We consider the solution of the related 2D model problem in the unit square by using GMRES without preconditioning, with the approximate inverse preconditioner described in [2], the order 0, 1 and 2 updated approximate inverse preconditioner (3.10) and the incomplete [LDL.sup.H]-threshold preconditioner (3.8). The drop tolerance for the incomplete factorizations is set to preserve the sparsity of the originating matrices. The results for the Problems 1 and 2 are shown in tables 5.2, 5.3 and 5.4, 5.5, respectively, confirming that our approach is effective. In particular, even if the global number of iterations using the update preconditioners can increase with respect to "full preconditioned" iterations, the flop count is lower with respect to the other methods. However, if [[sigma].sub.1] is greater than a suitable value, our update preconditioners should be used with updated triangular factors [??] and [??] as well otherwise our preconditioners can be not efficient; see table 5.2 for [[sigma].sub.1] = 800. However, we recall that usually in these cases preconditioning is not necessary at all; see section 2. Strategies for updating [??] were described for positive definite matrices in [5, section 6].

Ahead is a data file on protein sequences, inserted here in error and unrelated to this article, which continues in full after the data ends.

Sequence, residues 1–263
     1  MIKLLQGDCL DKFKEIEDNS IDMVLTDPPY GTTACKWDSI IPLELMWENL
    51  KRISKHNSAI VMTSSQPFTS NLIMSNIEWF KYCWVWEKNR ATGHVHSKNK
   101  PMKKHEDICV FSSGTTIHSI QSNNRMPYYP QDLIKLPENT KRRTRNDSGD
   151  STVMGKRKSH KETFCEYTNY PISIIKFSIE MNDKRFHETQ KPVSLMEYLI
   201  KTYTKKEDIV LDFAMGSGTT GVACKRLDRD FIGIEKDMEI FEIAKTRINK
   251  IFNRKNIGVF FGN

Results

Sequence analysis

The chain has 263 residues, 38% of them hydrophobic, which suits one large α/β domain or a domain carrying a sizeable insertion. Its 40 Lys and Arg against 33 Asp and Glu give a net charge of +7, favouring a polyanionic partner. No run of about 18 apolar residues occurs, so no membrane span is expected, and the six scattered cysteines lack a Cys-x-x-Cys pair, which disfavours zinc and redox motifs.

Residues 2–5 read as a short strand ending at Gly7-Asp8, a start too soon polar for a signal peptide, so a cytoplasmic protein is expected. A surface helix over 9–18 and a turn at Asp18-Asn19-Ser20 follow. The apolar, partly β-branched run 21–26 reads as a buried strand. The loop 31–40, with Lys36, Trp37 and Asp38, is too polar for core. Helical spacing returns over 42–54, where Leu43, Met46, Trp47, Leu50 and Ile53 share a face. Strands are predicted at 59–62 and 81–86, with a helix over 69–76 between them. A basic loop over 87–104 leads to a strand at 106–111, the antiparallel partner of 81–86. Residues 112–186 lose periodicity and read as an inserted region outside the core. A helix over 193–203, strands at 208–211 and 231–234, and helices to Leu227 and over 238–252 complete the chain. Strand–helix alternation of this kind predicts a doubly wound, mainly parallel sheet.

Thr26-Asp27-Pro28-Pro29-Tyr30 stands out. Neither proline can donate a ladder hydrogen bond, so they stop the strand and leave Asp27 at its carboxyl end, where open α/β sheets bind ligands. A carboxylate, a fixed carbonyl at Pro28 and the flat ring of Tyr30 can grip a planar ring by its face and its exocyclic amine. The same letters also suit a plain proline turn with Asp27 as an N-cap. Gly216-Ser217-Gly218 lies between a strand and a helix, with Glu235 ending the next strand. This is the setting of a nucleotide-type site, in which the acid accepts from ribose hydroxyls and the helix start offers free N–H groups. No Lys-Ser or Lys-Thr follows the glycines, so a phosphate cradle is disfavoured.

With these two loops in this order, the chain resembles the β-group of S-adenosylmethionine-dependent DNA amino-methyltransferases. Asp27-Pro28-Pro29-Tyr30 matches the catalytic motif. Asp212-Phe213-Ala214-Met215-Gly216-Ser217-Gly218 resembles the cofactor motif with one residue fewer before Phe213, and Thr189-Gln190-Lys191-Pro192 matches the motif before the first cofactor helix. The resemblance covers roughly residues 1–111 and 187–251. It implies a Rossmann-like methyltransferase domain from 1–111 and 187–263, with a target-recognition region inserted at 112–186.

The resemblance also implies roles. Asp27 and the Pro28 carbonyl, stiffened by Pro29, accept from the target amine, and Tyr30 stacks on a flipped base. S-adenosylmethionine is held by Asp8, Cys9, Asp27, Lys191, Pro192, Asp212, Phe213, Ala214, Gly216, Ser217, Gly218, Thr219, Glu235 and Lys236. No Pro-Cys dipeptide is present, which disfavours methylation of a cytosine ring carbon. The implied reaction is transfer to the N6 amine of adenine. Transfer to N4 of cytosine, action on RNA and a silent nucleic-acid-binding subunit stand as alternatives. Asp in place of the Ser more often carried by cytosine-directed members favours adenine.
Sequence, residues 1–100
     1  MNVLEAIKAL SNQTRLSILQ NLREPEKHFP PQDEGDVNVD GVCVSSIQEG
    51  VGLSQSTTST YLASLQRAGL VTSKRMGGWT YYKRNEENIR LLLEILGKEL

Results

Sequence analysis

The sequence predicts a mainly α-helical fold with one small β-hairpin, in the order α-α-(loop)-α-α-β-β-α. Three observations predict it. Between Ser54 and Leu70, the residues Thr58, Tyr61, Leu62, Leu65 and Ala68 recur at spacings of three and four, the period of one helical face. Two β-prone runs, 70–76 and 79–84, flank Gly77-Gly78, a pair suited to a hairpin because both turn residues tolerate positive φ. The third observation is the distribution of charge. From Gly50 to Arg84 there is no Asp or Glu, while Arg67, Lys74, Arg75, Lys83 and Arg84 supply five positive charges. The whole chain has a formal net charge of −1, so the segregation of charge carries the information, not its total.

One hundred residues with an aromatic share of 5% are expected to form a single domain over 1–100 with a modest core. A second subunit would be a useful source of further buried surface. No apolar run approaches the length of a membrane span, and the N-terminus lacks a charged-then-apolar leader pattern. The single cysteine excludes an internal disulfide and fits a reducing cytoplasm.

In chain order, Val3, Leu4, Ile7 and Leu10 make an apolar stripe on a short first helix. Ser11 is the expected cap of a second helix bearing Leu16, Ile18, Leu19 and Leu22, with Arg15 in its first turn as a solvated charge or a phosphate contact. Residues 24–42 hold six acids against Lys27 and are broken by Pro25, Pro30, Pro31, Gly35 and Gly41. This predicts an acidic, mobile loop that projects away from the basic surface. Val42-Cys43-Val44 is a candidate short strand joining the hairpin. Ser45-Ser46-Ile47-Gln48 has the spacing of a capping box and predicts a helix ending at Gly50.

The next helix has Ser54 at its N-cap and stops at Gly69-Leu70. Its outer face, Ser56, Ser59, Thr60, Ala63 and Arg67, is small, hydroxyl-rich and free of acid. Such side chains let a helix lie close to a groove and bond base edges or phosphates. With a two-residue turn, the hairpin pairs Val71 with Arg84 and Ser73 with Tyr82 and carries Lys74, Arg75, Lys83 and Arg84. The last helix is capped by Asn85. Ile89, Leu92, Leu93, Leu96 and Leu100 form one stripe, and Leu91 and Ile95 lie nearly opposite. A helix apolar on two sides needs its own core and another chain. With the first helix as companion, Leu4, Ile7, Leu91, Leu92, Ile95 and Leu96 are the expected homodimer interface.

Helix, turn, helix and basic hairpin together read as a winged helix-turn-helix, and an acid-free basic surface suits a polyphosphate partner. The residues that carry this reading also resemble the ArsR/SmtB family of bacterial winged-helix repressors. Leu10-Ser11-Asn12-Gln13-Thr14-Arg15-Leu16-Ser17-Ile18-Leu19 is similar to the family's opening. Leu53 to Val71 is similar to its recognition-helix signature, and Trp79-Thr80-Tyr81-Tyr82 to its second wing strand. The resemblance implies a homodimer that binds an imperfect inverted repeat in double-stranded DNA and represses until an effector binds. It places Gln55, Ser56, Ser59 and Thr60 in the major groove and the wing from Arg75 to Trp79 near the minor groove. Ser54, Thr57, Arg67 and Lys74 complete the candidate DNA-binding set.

For the particular seed matrix A considered in these examples, we can observe that incomplete [LDL.sup.H]-based preconditioners perform slightly better. This is caused by the particular properties of the Laplacian discretized by the usual five-point formula. Indeed, we observed that for other problems updated approximate inverse factorization preconditioners (3.10) perform better. In particular, this happens for positive definite seed matrices A whose incomplete factorization generated by incomplete Cholesky factorization is ill conditioned. On the other hand, we stress that the (stabilized) approximate inverse preconditioner described in [2] is well defined for all positive definite matrices. The same is true for incomplete [LDL.sup.H] factorization generated by the algorithm proposed in [3]. Therefore, the updated approximate inverse (3.10) and incomplete factorization (3.8) based on those are well defined as well.